{
    /// 
    /// Path to the folder where a file should be written.
    /// 
    [AutoResolve]
    public string Location { get; set; }
}

Because we’re using a self-defined model over here called `MySimpleModel` it makes sense to add this to your class library as well. I like to keep it simple, so the model only has 2 properties.

public class MySimpleModel
{
    public string FullFilePath { get; set; }
    public string Content { get; set; }
}

According to the docs, this is enough to use the new custom binding in your Azure Functions like so.

[FunctionName("CustomBindingFunction")]
public static IActionResult RunCustomBindingFunction(
    [HttpTrigger(AuthorizationLevel.Anonymous, "get", "post", Route = "custombinding/{name}")]
    HttpRequest req,
    string name,
    [MySimpleBinding(Location = "%filepath%\\{name}")]
    MySimpleModel simpleModel)
{
    return (ActionResult) new OkObjectResult(simpleModel.Content);
}

But, this doesn’t work. Or at least, not at this moment.

When starting the Azure Function emulator you’ll see something similar to the following.

[3-1-2019 08:51:37] Error indexing method 'CustomBindingFunction.Run'

[3-1-2019 08:51:37] Microsoft.Azure.WebJobs.Host: Error indexing method 'CustomBindingFunction.Run'. Microsoft.Azure.WebJobs.Host: Cannot bind parameter 'simpleModel' to type MySimpleModel. Make sure the parameter Type is supported by the binding. If you're using binding extensions (e.g. Azure Storage, ServiceBus, Timers, etc.) make sure you've called the registration method for the extension(s) in your startup code (e.g. builder.AddAzureStorage(), builder.AddServiceBus(), builder.AddTimers(), etc.).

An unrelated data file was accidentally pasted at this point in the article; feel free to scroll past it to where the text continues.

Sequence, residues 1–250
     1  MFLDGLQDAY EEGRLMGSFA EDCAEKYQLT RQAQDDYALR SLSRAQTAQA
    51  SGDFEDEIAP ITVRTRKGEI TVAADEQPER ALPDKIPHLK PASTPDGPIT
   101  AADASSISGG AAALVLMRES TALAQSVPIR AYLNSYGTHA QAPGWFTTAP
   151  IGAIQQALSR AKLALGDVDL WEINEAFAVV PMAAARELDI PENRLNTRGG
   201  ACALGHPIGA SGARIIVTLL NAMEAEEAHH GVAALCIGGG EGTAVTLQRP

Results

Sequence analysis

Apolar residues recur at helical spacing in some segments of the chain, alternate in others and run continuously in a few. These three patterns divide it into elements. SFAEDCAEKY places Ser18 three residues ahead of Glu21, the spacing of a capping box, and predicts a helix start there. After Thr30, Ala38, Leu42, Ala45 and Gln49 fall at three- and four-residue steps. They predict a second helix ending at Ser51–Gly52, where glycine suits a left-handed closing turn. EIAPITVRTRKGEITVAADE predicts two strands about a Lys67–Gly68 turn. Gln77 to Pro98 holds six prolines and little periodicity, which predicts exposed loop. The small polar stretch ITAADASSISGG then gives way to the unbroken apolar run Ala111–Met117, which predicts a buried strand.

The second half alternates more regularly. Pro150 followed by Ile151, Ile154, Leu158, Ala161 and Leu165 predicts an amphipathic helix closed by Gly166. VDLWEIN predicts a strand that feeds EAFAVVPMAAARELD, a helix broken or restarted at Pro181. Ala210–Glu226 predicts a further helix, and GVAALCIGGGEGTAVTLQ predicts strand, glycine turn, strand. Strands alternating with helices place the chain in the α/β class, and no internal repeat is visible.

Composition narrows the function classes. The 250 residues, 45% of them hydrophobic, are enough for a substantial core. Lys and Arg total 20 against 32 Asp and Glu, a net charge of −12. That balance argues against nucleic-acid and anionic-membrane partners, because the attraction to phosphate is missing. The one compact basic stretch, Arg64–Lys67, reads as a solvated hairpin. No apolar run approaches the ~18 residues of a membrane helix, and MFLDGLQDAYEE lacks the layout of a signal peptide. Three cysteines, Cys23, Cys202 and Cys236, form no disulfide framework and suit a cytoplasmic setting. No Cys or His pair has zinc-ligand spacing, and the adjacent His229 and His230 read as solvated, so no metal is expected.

[3-1-2019 08:51:37] Function 'CustomBindingFunction.Run' failed indexing and will be disabled.

[3-1-2019 08:51:37] No job functions found. Try making your job classes and methods public. If you're using binding extensions (e.g. Azure Storage, ServiceBus, Timers, etc.) make sure you've called the registration method for the extension(s) in your startup code (e.g. builder.AddAzureStorage(), builder.AddServiceBus(), builder.AddTimers(), etc.).

Not what you’d expect when following the docs line by line.

The errors do give a valid pointer though. It’s telling us we should have registered the `Type` on startup via the `IWebJobsBuilder builder`. Makes sense, if you’re using Azure App Service WebJobs.
Seeing Azure Functions are based on Azure App Services, it kind of makes sense there’s also some/a lot of shared logic between Azure Functions and Azure Web Jobs.

So, what do you need to do now?